The United Nations has downplayed Secretary-General Kofi Annan's broadcast remark that the war in Iraq was illegal. A spokesman said the comment was consistent with Mr. Annan's long-held position. But the U.S. ambassador questioned the wisdom of the remark, and defended the decision to go to war.
Secretary General Annan's use of the word "illegal" to describe the Iraq war during a British television interview this week is receiving worldwide headline treatment.
Coming just weeks before a U.S. presidential election that some view as a referendum on the war, the secretary-general's comment adds fuel to the campaign debate.
But a day after the statement was broadcast, Mr. Annan was clearly in no mood to discuss the matter. After facing reporters to read a statement on Sudan, the secretary-general hurried off before any questions on Iraq could be asked.
Spokesman Fred Eckhard downplayed Mr. Annan's comment, saying it was a well-known and long-held position. "He has over the past more than a year used words 'not in conformity with the charter' to describe his view of the Iraq war," he said.
Spokesman Eckhard said the secretary-general only used the word "illegal" after being pressed to do so by the interviewer. "I think If you saw it," he said, "you saw that the secretary-general was quite reluctant to use that word, and in the end, after repeated pressure from the interviewer, he said, when the final question was 'Is it illegal?' He said 'Yes. I have indicated, it is not in conformity with the UN charter. From our point of view, and from the charter point of view, it was illegal.'"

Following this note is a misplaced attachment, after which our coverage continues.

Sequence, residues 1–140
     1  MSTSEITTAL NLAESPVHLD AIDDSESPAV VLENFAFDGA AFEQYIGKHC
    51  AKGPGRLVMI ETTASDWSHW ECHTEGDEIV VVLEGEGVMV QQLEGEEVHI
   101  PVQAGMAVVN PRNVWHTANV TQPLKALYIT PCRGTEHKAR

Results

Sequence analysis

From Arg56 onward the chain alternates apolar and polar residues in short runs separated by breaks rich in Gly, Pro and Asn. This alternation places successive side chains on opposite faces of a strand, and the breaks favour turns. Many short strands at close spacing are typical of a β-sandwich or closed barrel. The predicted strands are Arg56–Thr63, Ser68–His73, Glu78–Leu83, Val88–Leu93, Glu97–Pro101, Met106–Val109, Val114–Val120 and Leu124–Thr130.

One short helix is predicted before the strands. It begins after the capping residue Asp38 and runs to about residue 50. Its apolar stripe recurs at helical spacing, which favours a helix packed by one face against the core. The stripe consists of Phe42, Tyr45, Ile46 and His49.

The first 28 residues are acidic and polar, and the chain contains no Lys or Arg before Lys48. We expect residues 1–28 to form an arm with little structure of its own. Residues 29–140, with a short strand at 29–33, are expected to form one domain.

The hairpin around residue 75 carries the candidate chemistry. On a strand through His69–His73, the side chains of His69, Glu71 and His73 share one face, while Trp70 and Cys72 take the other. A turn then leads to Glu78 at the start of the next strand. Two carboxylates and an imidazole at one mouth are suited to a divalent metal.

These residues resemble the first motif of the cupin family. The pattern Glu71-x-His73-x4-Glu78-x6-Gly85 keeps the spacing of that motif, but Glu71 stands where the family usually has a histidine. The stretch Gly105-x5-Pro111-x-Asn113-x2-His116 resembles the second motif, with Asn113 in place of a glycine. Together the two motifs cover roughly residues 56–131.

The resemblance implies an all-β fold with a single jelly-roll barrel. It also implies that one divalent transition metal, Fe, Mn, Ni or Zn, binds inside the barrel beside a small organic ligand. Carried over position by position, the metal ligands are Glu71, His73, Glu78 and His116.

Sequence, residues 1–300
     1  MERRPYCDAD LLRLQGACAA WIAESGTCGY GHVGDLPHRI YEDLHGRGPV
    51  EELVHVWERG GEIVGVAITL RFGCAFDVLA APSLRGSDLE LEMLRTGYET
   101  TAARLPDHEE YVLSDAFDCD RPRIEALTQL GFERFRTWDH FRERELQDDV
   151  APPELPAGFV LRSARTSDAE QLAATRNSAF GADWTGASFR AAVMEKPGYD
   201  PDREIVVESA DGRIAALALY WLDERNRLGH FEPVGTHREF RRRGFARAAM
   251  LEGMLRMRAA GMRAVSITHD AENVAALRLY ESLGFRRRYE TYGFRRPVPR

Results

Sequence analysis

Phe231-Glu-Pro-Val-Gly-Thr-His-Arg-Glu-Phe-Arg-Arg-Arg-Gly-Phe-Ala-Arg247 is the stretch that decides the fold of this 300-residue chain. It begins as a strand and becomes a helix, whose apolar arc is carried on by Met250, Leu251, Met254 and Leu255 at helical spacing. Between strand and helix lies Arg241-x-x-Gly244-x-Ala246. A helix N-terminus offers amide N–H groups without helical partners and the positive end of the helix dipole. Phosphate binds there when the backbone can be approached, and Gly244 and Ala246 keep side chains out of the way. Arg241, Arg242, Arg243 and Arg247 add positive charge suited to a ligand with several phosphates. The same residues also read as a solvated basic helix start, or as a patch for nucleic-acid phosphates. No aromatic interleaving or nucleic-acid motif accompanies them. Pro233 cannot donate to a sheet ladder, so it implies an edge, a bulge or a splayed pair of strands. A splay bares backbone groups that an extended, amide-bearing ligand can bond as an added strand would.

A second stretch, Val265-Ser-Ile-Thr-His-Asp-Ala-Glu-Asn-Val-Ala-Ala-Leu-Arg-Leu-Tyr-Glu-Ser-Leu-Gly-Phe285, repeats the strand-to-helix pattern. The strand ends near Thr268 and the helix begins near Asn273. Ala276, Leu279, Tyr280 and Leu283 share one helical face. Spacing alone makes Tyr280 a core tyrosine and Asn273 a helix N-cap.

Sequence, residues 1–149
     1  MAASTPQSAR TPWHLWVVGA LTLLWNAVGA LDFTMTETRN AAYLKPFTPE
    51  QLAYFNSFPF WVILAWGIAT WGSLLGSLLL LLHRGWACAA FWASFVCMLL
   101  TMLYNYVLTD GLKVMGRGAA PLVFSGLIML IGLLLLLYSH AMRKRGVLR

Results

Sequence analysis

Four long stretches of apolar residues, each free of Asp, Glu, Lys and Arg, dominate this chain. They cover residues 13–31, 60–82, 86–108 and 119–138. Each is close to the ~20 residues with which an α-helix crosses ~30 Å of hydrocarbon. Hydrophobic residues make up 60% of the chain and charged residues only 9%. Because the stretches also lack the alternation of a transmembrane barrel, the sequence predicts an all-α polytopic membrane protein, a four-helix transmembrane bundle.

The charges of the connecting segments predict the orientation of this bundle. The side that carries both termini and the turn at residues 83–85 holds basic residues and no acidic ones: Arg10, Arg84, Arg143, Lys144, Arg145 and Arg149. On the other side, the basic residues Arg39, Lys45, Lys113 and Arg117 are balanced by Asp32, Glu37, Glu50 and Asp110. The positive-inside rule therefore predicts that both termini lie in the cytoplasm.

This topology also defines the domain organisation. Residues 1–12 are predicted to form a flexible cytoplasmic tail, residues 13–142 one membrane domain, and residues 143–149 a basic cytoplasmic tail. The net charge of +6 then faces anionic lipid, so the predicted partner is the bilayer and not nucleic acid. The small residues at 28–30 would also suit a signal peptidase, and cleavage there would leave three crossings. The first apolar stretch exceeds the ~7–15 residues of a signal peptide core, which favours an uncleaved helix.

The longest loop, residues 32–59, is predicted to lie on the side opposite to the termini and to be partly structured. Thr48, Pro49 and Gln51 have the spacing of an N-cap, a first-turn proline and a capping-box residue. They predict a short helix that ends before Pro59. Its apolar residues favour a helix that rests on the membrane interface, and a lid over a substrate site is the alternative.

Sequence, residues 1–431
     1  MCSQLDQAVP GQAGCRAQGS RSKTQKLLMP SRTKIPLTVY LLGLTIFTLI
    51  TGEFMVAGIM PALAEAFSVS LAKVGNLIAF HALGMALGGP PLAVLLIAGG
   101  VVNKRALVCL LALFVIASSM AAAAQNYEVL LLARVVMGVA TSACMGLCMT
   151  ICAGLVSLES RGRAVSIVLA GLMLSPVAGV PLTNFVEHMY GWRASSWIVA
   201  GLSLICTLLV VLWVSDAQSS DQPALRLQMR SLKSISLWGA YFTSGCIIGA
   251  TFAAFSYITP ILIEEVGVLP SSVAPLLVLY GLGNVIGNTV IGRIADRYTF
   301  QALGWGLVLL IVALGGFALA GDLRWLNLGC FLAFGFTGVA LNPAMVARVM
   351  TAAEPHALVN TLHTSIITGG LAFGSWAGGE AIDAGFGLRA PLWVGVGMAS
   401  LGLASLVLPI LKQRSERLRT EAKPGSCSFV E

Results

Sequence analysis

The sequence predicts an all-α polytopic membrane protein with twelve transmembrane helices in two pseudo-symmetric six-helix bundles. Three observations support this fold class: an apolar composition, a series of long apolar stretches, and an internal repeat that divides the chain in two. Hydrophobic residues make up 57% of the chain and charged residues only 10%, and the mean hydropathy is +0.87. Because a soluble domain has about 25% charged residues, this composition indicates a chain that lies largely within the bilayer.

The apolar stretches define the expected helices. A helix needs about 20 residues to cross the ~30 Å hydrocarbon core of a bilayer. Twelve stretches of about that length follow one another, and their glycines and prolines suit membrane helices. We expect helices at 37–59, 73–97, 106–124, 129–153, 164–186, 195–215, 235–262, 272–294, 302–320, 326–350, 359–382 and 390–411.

Regardless of his intent, the secretary-general's comment clearly irritated ambassadors from countries with troops in Iraq. U.S. Ambassador John Danforth said the remarks were both ill-advised and poorly timed. "If I had been his adviser, which I wasn't, I would have advised him not to say it at all, and if he was going to say it at all not to say it now, but he did," he said.
Ambassador Danforth defended the U.S.-led invasion, and argued that it was not only legal, but necessary under previous Security Council resolutions. "Resolution 14-41 held that the then-government of Iraq was not in compliance and promised there would be serious consequences if they were not in compliance, then the question for those countries that were part of the coalition was, well, do all these resolutions mean nothing? Does the Security Council mean nothing? Is it totally ineffectual when it says there are going to be consequences? That's really meaningless. So it seems to me it would have undercut the rule of law had there been no action. Had we just said, so we pass resolution, but they're so much waste paper. I think that the action we took with respect to Iraq was something that was required if we were going to maintain a rule of law," he said.
Both spokesman Eckhard and Ambassador Danforth, as well as other U.N. diplomats dismissed the controversy surrounding the secretary-general's remarks as nothing serious. Ambassador Danforth called it "just a different interpretation."
Chinese Ambassador Wang Guangya shrugged off reporters' questions, saying, "All of us have our views on the Iraqi war. But what is important is that we help bring peace and stability to the country."